Celebrating the Arts at Harvard

Arts First Festival
April 28-May 1

The annual arts extravaganza sponsored by Harvard offers more than 100 events, from live performances of dance, music, and theater to public-art installations; most are free and open to the public. Festivities begin on Thursday, April 28, at 4 p.m. with the Harvard Arts Medal ceremony; President Drew Faust and festival founder, actor, and author John Lithgow ’67, Ar.D. ’05, will honor the 2016 medalist, architect Frank Gehry, Ds ’57, Ar.D. ’00.

Most of the 2,000 art-makers are undergraduates, says Jack Megan, director of the Office for the Arts at Harvard (OFA), which organizes the festival: “The great joy is getting to work with very creative, very diverse, and very inspiring young people.” The weekend lineup includes Hasty Pudding Theatricals, the Harvard Pan-African Dance and Music Ensemble, Mariachi Véritas de Harvard, and the Brattle Street Chamber Players, as well as hands-on “Make Art” stations; concerts by the Silk Road Ensemble and rock and pop groups that bang it out in a “Battle of the Bands”; and an international-dance showcase that opens with a tango contest featuring the Harvard Ballroom Dance Team. Despite “the terrible things happening around the world,” Megan notes, “we can still hope to have moments of beauty, creativity, and collaboration. Artists have a contribution to make in creating space for reflection and, ultimately, change.”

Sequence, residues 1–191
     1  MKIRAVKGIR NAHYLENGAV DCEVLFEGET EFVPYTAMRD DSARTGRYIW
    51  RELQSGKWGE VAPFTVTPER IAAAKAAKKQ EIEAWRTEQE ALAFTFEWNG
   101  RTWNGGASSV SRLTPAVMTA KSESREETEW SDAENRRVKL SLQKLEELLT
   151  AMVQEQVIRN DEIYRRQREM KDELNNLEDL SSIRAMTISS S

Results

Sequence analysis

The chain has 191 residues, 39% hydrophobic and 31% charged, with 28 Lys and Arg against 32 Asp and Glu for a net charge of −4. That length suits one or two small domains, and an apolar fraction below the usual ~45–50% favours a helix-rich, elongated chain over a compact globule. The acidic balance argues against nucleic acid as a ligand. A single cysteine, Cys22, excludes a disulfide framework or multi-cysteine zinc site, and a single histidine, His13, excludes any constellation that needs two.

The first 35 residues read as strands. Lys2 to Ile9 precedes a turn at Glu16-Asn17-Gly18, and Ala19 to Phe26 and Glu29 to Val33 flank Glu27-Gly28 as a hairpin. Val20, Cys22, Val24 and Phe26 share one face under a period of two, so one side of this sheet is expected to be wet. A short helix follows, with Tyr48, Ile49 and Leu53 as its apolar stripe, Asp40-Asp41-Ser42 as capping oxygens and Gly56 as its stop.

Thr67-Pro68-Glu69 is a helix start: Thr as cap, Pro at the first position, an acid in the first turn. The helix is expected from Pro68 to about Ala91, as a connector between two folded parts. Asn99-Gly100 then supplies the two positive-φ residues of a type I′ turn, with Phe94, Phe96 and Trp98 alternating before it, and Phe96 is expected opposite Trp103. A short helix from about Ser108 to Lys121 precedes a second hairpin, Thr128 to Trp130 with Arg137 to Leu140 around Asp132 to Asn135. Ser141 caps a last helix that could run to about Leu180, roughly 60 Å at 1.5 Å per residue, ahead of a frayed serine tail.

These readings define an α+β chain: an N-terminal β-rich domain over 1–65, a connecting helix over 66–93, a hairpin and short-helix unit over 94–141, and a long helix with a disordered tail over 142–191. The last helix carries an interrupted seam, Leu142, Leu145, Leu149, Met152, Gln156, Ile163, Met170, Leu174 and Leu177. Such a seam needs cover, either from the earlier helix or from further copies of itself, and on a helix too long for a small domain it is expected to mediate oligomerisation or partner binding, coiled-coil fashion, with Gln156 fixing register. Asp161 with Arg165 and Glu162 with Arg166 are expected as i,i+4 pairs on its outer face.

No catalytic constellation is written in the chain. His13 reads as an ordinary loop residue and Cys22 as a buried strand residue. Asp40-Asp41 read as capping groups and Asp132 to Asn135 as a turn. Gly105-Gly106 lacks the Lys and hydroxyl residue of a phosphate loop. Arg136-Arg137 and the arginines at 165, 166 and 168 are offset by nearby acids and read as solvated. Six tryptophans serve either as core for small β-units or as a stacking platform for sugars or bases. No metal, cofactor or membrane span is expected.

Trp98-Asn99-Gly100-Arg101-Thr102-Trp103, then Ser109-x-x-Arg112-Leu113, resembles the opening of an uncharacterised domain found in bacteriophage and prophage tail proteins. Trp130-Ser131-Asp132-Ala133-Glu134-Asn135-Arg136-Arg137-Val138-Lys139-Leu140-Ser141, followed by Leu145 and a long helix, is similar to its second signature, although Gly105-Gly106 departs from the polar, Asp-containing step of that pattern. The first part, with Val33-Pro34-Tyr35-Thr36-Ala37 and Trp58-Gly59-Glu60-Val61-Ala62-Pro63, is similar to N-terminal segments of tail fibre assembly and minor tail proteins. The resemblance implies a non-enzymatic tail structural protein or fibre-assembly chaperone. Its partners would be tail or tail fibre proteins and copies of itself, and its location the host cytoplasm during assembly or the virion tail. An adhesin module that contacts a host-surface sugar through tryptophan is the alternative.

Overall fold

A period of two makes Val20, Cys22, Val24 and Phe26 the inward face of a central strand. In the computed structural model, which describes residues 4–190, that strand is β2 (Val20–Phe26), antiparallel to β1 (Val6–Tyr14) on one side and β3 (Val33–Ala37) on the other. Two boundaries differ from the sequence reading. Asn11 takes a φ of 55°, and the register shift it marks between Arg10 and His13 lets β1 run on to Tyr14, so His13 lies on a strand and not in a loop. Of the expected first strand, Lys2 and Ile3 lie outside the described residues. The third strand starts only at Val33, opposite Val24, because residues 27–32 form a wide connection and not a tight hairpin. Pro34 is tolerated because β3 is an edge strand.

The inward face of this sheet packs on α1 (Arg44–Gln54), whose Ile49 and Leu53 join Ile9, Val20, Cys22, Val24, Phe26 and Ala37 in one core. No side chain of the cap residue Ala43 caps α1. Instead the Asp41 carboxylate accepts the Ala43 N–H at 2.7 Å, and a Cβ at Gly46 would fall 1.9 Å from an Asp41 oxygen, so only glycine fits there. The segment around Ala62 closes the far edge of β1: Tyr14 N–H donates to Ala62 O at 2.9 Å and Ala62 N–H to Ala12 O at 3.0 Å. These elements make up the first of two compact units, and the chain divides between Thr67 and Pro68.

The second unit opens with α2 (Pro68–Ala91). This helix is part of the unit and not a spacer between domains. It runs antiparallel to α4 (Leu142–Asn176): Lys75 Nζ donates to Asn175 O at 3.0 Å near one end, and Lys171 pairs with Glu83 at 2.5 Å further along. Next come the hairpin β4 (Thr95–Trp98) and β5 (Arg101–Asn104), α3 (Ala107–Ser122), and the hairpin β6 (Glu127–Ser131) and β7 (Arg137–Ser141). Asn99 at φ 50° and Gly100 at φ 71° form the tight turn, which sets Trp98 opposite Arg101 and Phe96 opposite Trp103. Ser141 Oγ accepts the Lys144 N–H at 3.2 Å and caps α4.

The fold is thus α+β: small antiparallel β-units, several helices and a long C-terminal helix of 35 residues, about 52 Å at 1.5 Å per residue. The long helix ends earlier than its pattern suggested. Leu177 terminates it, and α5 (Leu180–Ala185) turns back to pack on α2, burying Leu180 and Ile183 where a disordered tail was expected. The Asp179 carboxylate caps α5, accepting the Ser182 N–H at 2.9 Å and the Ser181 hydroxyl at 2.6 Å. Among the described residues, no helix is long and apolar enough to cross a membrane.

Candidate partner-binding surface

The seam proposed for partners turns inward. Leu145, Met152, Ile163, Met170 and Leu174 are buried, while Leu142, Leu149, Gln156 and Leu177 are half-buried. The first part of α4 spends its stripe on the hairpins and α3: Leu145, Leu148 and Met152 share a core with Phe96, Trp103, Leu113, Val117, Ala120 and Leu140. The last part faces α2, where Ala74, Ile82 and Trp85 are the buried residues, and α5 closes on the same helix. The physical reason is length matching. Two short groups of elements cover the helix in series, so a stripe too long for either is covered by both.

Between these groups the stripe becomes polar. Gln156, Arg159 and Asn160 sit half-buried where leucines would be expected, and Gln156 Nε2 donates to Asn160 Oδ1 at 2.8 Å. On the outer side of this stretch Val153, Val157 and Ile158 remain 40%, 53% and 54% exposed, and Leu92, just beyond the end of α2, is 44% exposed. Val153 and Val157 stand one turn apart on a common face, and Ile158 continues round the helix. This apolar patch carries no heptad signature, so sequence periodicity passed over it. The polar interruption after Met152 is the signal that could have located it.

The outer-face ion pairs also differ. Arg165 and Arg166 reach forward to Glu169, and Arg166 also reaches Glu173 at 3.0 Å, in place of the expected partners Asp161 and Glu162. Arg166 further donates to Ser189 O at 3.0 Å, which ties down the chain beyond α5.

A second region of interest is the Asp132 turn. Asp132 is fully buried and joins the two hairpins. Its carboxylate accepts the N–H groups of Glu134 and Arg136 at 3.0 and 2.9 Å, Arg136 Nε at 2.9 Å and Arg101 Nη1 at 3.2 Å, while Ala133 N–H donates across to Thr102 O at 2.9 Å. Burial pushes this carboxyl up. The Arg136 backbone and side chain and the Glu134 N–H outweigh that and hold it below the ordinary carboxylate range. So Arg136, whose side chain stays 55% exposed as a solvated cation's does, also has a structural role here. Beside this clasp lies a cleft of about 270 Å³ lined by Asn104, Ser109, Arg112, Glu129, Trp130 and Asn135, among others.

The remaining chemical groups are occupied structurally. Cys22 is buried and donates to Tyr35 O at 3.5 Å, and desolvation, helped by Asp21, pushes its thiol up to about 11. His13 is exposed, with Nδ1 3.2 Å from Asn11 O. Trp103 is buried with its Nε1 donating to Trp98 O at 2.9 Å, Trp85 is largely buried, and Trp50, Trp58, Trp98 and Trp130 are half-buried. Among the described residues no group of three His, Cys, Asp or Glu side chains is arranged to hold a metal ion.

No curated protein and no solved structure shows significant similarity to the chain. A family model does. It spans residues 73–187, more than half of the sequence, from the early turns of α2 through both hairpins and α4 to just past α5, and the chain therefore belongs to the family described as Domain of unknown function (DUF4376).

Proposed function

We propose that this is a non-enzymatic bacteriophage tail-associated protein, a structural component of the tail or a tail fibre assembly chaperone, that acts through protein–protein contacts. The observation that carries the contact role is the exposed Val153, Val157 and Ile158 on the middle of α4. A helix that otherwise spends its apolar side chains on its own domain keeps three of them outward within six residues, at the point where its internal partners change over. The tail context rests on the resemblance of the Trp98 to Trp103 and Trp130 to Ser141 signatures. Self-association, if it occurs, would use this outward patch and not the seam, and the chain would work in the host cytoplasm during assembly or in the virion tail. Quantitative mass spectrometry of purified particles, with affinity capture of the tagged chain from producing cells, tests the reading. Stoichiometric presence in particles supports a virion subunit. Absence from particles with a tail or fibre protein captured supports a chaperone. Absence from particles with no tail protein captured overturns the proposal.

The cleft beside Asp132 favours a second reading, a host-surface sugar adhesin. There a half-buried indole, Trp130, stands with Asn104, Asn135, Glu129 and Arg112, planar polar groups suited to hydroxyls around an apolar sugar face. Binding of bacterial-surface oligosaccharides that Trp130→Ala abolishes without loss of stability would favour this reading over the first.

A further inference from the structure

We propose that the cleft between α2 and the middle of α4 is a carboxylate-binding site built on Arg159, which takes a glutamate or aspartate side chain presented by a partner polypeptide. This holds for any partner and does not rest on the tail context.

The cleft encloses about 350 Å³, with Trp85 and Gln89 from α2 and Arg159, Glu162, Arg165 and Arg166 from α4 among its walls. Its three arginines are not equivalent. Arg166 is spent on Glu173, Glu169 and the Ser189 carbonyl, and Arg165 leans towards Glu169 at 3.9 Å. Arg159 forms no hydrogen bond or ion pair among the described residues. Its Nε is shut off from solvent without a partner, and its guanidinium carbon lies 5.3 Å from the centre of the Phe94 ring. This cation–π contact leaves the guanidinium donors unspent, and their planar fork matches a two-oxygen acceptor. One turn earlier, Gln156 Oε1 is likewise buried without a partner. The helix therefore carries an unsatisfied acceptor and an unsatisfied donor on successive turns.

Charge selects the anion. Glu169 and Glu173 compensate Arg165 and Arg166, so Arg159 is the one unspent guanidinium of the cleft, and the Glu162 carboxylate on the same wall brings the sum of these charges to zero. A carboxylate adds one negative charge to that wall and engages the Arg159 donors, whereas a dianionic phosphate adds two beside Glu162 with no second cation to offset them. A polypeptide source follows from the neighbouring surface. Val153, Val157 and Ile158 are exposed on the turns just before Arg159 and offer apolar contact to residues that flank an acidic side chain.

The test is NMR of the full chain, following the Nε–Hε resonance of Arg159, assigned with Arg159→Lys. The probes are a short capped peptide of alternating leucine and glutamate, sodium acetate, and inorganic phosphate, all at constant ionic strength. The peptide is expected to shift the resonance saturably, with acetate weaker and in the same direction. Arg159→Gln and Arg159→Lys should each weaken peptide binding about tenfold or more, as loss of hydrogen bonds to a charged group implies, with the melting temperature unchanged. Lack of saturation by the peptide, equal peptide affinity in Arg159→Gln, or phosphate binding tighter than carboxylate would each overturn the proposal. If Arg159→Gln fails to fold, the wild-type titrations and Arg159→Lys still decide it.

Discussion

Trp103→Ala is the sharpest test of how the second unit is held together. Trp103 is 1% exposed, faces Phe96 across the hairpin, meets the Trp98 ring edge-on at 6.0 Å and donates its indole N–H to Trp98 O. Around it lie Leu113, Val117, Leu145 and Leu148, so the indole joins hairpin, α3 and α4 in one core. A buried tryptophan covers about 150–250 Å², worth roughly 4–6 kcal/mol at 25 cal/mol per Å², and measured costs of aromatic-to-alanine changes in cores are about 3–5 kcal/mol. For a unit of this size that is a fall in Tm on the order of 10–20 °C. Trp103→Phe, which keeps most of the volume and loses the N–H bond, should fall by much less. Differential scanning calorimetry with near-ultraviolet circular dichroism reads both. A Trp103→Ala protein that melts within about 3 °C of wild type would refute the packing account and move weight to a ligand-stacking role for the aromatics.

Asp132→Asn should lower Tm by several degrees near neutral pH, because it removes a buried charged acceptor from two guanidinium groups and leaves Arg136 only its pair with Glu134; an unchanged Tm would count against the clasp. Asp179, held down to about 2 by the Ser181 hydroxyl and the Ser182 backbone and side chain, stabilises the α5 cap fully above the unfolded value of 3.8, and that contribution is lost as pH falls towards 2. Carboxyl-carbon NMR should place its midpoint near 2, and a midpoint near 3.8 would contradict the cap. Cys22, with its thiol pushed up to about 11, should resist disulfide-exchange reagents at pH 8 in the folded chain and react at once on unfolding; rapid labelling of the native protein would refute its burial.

In addition, OFA has made a point of sponsoring art that explores social and political issues—like minority inclusion and gender identification—that have arisen at Harvard and other universities, especially within the last year. “Where Do We Go From Here?” is an interactive art installation of 13 individual, human-sized, Plexiglas boxes that were placed in the Harvard Houses in response to the Campus Climate Survey on Sexual Assault and Sexual Misconduct. Students were invited to write and draw on the boxes, or express private reflections on notes placed inside them. “By focusing on community—a key theme underlying the survey results—the installation invites the Harvard community to engage with this issue,” says Thomas Lee, the Office for the Arts’ director of Learning from Performers and communications. [Updated 4/27/16 to reflect changes made in the art installation.] 

Read more articles by Nell Porter Brown

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